Why does body positivity matter?
We all care about our appearance and in our society, which is obsessed with bodily perfection, there are consequences for girls and women whose bodies do not ― or cannot ― meet social expectations or norms. These consequences are incredibly difficult to escape no matter how hard you try. Fat discrimination at work is real; from assumptions (that fat women are lazy, unhealthy and undisciplined, aren’t as smart, strong or able to do certain things) to fat women earning less than ‘normal’ weight women and men who are overweight or obese.
Many women have body shaming memories from as young as their primary school days and have felt bullied, harassed or denied opportunities because of their bodily difference. My earliest memory of body shaming is not my memory per se but my mother’s. I was in preschool and dancing in a concert. Mum was standing in the wings with other mums and one of them whispered in disgust at letting such a fat little girl on stage. Mum was devastated and pulled me out of the dance class. I didn’t find out until about 30 years later!
Canberra’s body positivity advocate Jenna Maurer recalls being 9 or 10 and hearing other children saying that she was chubby, particularly her legs, and later, hearing disparaging comments about every part of her body. Being made to feel like they don’t fit in at work is also very common for larger women. This can undermine their confidence to pursue their passions, and instead focus on trying to cover up or hide their bodies. I don’t think being different stopped me from doing anything I wanted to do, if you don’t count continuing dancing when I was young.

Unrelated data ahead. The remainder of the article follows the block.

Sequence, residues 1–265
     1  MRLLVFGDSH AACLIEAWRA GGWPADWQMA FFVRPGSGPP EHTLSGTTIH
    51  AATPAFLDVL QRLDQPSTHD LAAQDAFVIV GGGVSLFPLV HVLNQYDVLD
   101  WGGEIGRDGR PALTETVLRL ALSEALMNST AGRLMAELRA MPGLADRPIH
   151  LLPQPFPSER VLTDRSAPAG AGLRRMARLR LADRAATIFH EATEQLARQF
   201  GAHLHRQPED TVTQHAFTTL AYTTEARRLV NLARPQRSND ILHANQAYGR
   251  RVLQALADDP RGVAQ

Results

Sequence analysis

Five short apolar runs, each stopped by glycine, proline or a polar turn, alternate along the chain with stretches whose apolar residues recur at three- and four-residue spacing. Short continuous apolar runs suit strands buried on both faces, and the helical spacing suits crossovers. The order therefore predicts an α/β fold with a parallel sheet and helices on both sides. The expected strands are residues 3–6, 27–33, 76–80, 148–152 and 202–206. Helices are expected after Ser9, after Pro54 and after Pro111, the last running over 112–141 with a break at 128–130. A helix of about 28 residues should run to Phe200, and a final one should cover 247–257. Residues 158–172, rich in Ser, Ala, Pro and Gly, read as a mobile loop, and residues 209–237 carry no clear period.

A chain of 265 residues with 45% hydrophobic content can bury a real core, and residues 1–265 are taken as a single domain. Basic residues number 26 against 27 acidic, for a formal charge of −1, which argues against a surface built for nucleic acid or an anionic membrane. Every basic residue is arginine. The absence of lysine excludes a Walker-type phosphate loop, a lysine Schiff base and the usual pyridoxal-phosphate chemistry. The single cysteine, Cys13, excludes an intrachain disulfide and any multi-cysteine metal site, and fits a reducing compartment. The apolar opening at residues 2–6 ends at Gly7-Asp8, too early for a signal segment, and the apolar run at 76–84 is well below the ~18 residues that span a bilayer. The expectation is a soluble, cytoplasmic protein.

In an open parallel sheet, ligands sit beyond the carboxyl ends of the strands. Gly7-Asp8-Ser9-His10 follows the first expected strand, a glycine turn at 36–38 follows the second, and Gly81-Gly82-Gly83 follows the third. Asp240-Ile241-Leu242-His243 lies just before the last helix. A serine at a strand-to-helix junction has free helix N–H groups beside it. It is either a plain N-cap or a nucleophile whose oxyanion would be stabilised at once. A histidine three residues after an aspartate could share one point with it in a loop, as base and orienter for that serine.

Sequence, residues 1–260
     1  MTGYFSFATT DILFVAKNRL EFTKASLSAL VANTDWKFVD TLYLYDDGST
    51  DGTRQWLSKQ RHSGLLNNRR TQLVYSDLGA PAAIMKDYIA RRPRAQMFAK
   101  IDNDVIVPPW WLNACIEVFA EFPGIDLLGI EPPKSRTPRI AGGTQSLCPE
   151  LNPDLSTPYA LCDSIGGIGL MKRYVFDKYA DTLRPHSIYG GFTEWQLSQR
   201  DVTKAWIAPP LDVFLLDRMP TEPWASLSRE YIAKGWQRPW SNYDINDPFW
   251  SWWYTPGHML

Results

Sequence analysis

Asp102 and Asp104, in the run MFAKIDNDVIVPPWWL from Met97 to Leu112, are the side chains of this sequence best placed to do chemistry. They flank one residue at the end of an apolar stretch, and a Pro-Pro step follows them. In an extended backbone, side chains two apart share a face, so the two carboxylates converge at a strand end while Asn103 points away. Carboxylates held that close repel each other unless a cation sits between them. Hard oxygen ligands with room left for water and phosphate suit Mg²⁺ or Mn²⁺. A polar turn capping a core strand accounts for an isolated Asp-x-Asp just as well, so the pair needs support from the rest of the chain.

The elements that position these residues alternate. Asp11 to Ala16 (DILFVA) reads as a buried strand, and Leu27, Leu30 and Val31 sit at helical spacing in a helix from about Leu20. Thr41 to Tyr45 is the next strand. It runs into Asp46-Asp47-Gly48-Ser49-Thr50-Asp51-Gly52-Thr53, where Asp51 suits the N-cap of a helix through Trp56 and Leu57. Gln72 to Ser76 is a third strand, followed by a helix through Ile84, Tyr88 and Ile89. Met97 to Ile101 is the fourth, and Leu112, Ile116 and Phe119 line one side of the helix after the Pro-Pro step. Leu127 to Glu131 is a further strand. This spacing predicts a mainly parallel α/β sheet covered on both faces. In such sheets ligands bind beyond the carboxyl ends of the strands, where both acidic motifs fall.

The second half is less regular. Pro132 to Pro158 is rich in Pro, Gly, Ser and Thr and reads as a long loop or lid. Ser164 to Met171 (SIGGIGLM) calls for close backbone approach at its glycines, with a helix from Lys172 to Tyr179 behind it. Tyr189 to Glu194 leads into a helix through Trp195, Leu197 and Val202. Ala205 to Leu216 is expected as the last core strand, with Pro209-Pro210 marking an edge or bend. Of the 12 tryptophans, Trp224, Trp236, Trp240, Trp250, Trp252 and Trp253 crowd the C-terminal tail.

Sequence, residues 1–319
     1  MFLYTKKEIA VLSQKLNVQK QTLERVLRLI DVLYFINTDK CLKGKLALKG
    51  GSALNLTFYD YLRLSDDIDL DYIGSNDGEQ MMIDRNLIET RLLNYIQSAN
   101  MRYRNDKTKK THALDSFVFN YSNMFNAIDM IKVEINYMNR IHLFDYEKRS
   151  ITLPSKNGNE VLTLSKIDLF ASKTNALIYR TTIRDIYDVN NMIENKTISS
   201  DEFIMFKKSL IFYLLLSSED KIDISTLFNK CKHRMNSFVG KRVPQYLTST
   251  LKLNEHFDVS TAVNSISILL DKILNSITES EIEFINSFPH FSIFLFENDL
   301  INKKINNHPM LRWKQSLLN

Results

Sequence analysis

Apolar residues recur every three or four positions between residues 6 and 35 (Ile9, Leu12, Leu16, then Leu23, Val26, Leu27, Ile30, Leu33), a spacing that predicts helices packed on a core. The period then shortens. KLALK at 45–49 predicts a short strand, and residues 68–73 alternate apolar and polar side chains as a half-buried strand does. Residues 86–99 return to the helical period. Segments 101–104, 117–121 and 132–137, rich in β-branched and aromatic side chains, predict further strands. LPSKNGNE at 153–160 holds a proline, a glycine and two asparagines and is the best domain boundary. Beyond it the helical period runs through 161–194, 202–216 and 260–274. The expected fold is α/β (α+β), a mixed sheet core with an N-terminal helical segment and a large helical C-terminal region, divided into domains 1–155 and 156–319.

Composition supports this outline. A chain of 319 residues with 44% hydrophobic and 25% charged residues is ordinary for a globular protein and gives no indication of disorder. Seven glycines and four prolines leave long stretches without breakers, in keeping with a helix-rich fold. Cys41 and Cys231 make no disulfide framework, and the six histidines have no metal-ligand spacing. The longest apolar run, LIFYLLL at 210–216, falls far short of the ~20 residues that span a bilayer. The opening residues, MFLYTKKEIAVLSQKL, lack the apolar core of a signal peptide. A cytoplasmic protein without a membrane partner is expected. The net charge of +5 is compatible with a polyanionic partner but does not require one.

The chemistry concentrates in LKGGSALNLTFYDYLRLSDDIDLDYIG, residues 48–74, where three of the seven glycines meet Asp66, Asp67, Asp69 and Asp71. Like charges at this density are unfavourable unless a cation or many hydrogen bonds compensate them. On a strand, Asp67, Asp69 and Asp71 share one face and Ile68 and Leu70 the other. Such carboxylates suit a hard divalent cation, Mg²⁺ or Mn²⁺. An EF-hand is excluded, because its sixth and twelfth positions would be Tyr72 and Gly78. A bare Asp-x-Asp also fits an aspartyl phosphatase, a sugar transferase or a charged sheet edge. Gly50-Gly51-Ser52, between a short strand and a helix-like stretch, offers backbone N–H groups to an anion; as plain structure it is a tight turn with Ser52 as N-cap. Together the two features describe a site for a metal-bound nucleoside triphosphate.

This is not just the domain of larger women, women of all size, ages and ethnicities experience body shaming. Even women who have never identified as having body acceptance issues and are perfectly happy with themselves have experienced some form of body shaming. Lyn, an athletic woman, now a mum of three daughters, was told by her grandmother when she was younger to wear a skirt and cover her shoulders and arms because they were too ‘manly’ looking and she wouldn’t find a husband. Although this didn’t negatively impacted on Lyn’s confidence or positive self-image it shows that women of any size and shape can experience body shaming. Body acceptance and the realisation that there’s no wrong way to have a body tends to come later in life for most of us. Jenna says, ‘it’s really only been in the past couple of years that I’ve learnt to accept my body and not to care what anyone else thinks.’
Jenna has a younger sister and seeing her start to hate her body, like she hated hers when she was younger, was a big wake up call. When Jenna started working in lingerie, she learned that all women hate their bodies. It was very upsetting and these experiences led Jenna to ‘make a deliberate choice not to be a part of the culture that teaches women to feel like shit about themselves anymore.’ Like many, Jenna also spent many years starving herself, obsessively dieting or making herself throw up after eating. She describes this as ‘pretty destructive behaviour, both emotionally and physically.’ Jenna says she started liking her body when she ‘realised that it’s only the tool I have to experience the world. My body is a part of me, but isn’t what makes me, me.’